• Listing a finite set of values that the user can select from.
  • Defining a pattern that indicates the characteristics that the provided data must match.
  • Defining data characteristic rules and requiring the entered data to abide by one or more of these rules.

We will look at each of these techniques in turn:

Restricting Data Input with Enumerated Values

One of the most basic approaches to restricting user data input is to reduce their input to making a selection from a list of preexisting values. In this case, since you have defined the set of available inputs, presumably any choice that the user makes will result in valid input (this ignores the case where there are inter-dependencies between data values or external factors that affect the validity of a subset of items in the list, which we will learn how to handle later.)

You can define a set of limited values for a claim by defining a Restriction element on the claim and then populating that Restriction with a set of Enumeration elements. Each Enumeration item includes:

  • A Text attribute that defines how it will be displayed in the user interface.
  • A Value attribute that defines what value will be set on the claim when it is selected.
  • An optional SelectByDefault attribute that can be set to true or false to indicate if the item is initially selected.

Enumeration values are only applied to restrict a user’s input for a claim when the claim’s UserInputType element is set to DropdownSinglSelect, RadioSingleSelect, or CheckboxMultiSelect.

NOTE:
Besides providing a restricted list of values for Dropdown, Radio, and Checkbox user interface controls, there is one other use for Enumeration restrictions. The GetMappedValueFromLocalizedCollection Claims Transformation allows you to set the value of a claim based on the result of looking up the value of another claim within the collection of Enumeration values in the target claim’s Restriction element. This is useful for mapping error codes to display text, for example. You can learn more about using GetMappedValueFromLocalizedCollection in the online documentation.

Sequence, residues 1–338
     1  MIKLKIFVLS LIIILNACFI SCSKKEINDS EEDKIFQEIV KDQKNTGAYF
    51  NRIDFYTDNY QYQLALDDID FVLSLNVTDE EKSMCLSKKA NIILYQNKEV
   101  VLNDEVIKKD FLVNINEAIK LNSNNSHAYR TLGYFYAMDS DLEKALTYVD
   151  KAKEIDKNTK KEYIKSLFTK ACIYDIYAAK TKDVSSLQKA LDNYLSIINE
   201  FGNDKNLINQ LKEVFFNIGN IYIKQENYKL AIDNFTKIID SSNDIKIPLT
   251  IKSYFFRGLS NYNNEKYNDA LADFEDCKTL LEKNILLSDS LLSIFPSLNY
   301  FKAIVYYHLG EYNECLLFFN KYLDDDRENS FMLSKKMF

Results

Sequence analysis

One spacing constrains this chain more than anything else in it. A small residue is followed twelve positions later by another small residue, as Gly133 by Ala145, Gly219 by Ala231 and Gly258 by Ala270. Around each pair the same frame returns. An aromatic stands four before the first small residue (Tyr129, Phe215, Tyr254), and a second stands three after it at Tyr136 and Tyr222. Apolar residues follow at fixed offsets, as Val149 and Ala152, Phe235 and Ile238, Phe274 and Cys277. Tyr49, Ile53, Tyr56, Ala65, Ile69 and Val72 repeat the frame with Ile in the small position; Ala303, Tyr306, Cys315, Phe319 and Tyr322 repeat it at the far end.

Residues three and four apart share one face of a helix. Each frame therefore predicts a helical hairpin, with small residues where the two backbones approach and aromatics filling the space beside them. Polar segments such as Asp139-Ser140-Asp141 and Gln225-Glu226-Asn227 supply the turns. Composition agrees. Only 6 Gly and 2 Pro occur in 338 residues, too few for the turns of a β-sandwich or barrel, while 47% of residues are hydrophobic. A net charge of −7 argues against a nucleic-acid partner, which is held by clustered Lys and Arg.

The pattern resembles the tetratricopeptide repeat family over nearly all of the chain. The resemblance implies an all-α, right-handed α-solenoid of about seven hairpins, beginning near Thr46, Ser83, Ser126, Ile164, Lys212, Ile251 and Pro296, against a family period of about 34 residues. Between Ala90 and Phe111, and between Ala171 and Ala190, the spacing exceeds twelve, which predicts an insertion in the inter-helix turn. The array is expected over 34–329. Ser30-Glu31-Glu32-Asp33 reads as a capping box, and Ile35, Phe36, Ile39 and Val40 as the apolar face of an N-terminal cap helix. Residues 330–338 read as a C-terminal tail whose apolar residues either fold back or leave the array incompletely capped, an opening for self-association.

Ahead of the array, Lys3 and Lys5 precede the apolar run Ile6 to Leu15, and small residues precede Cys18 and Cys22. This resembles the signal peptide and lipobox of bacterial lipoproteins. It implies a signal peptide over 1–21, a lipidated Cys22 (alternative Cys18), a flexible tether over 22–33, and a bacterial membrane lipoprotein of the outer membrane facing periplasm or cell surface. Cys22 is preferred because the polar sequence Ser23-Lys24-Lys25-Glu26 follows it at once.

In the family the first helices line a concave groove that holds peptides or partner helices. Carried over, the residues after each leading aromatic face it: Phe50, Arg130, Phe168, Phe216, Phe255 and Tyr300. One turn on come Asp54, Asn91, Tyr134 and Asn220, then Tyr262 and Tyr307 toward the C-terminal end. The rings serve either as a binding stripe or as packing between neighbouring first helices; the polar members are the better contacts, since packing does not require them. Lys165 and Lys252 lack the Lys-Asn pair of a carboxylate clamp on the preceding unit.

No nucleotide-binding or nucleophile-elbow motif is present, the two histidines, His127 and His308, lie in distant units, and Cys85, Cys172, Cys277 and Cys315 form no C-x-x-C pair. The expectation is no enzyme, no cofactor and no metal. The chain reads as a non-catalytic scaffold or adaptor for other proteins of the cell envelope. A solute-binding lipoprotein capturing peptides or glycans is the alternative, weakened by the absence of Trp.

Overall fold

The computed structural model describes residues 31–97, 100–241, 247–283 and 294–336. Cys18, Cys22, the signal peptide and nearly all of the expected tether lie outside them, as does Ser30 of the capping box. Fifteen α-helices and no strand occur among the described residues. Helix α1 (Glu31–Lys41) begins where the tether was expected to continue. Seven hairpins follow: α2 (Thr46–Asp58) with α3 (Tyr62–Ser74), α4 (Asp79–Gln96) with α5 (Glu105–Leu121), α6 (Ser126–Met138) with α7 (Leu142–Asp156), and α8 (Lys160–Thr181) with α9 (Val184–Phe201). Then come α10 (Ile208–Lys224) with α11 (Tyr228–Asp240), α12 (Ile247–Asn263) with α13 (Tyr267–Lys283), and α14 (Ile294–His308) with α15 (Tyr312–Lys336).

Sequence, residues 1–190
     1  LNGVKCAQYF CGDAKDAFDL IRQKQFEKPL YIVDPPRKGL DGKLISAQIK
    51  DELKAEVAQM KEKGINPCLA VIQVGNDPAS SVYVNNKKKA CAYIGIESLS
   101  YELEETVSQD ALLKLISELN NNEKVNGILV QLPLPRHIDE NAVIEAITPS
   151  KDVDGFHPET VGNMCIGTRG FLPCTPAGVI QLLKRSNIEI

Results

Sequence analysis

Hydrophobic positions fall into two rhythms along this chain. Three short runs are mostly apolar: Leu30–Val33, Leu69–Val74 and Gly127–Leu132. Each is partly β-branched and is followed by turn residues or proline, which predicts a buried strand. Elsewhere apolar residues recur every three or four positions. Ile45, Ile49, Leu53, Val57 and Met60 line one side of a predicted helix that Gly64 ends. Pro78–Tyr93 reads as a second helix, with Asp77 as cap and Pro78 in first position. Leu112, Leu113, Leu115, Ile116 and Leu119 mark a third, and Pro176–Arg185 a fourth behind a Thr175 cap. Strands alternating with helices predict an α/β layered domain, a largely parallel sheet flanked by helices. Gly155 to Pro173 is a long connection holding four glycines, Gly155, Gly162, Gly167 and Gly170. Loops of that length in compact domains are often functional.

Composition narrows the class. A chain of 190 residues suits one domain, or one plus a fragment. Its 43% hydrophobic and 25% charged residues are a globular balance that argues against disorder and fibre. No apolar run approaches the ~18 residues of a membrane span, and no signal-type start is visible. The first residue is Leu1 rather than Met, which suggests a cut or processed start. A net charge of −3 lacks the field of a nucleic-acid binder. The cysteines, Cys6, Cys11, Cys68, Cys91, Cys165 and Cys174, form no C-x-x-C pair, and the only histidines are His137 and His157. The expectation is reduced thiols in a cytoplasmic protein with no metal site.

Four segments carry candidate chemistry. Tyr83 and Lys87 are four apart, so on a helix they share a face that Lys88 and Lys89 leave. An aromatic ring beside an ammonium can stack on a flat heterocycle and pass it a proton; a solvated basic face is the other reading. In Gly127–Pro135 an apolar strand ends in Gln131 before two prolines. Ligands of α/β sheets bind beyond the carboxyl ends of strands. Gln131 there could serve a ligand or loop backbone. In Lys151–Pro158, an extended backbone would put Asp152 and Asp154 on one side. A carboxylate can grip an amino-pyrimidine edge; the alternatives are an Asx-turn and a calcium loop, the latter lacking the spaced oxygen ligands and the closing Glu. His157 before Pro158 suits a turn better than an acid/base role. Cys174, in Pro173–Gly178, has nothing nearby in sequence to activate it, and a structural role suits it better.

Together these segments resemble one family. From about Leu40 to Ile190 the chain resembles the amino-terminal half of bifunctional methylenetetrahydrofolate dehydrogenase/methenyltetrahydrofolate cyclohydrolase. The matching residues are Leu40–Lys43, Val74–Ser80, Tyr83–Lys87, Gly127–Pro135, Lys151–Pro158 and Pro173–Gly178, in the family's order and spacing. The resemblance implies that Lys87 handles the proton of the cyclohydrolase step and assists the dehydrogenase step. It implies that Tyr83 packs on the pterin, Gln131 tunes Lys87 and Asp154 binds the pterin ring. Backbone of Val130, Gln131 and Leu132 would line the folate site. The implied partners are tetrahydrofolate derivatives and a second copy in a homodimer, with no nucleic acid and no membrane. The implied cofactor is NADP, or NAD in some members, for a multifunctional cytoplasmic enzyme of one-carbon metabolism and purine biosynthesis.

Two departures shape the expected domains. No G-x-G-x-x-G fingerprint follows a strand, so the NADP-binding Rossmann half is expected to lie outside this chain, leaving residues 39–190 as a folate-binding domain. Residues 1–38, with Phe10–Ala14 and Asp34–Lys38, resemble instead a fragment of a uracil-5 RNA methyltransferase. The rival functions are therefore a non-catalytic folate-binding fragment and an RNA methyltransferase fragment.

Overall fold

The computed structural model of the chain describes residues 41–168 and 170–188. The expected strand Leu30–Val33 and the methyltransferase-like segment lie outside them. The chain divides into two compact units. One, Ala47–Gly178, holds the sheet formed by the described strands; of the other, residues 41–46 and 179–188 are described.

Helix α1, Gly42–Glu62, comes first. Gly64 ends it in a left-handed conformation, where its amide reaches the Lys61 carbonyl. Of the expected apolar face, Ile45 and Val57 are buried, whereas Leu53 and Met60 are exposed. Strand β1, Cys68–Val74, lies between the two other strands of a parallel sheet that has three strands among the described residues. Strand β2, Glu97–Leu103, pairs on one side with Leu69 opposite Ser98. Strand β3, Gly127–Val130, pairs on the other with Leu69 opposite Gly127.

Let’s see this approach to restricting input in action. We’re going to extend our Hello World policy to use a dropdown control to ask if the user is entering their information as an individual consumer, or perhaps as a member of a company that we happen to do business with.

Add the following Claim Type declaration in the Claims Schema section of your policy:

<ClaimType Id="accountType">
  <DisplayName>Account Type</DisplayName>
  <DataType>string</DataType>
  <UserHelpText>The type of account being registered.</UserHelpText>
  <UserInputType>DropdownSingleSelect</UserInputType>
  <Restriction>
    <Enumeration Text="Company Account" Value="company" SelectByDefault="false"/>
    <Enumeration Text="Individual Account" Value="individual" SelectByDefault="true"/>
  </Restriction>
</ClaimType>

This defines the accountType claim to collect a string (text) value using a DropdownSingleSelect control. The dropdown control will show the user two options – Company Account and Individual Account – which when selected will set the claim value to company or individual, respectively. The value that will be initially selected by default will be Individual Account.

Now locate the UserInformationCollector Technical Profile and add a new DisplayClaim element to collect:

<DisplayClaim ClaimTypeReferenceId="accountType" Required="true"/>

Also add the accountType claim as an output for the same Technical Profile:

<OutputClaim ClaimTypeReferenceId="accountType"/>

Finally, include the accountType claim in the token that is returned by the policy by adding it as an Output Claim to the policy’s Relying Party element:

<OutputClaim ClaimTypeReferenceId="accountType" />

Now upload the updated policy and run it. You should see the dropdown control has now been added to the user interface, and the value you select is returned in the token.

Restricting User Input with a List of Values

Restricting user input with a list of values

Restricting Data Input with Regular Expressions

We can’t always know in advance the entire set of possible values for a claim, or perhaps the set of available values may be so large that showing every possible combination would be impractical. Instead, we may need to allow the user to type in a value while limiting the text which they may provide. In this case, you can use a regular expression (AKA “regex”) to restrict the user input to text that matches the criteria defined in the expression.

You define a regex within a Restriction element by specifying a Pattern element instead of the Enumeration elements we discussed previously. You can then provide the Pattern element with a RegularExpression attribute that defines the regex to apply, as well as an optional HelpText attribute that defines the message that will be shown to the user if their entry does not match the expression.

Let’s use this kind of restriction to help us collect an email address in our policy. Add the following Claim Type declaration in the Claims Schema section of your policy: